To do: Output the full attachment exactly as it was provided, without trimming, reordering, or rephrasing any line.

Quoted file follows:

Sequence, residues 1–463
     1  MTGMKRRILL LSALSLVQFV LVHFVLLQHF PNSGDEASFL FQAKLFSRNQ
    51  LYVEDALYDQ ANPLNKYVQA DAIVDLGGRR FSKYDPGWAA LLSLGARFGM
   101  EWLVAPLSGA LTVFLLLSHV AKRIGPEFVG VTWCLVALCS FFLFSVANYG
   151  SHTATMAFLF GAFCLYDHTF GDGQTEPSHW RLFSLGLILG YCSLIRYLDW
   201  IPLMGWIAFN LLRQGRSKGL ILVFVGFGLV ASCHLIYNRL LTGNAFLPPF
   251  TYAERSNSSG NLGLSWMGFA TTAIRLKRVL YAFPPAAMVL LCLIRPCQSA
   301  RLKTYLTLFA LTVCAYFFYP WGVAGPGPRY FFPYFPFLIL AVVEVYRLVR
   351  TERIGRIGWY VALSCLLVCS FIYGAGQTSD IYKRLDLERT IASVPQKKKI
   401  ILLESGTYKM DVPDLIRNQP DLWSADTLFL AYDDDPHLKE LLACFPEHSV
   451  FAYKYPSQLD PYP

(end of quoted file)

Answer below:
Sequence, residues 1–463
     1  MTGMKRRILL LSALSLVQFV LVHFVLLQHF PNSGDEASFL FQAKLFSRNQ
    51  LYVEDALYDQ ANPLNKYVQA DAIVDLGGRR FSKYDPGWAA LLSLGARFGM
   101  EWLVAPLSGA LTVFLLLSHV AKRIGPEFVG VTWCLVALCS FFLFSVANYG
   151  SHTATMAFLF GAFCLYDHTF GDGQTEPSHW RLFSLGLILG YCSLIRYLDW
   201  IPLMGWIAFN LLRQGRSKGL ILVFVGFGLV ASCHLIYNRL LTGNAFLPPF
   251  TYAERSNSSG NLGLSWMGFA TTAIRLKRVL YAFPPAAMVL LCLIRPCQSA
   301  RLKTYLTLFA LTVCAYFFYP WGVAGPGPRY FFPYFPFLIL AVVEVYRLVR
   351  TERIGRIGWY VALSCLLVCS FIYGAGQTSD IYKRLDLERT IASVPQKKKI
   401  ILLESGTYKM DVPDLIRNQP DLWSADTLFL AYDDDPHLKE LLACFPEHSV
   451  FAYKYPSQLD PYP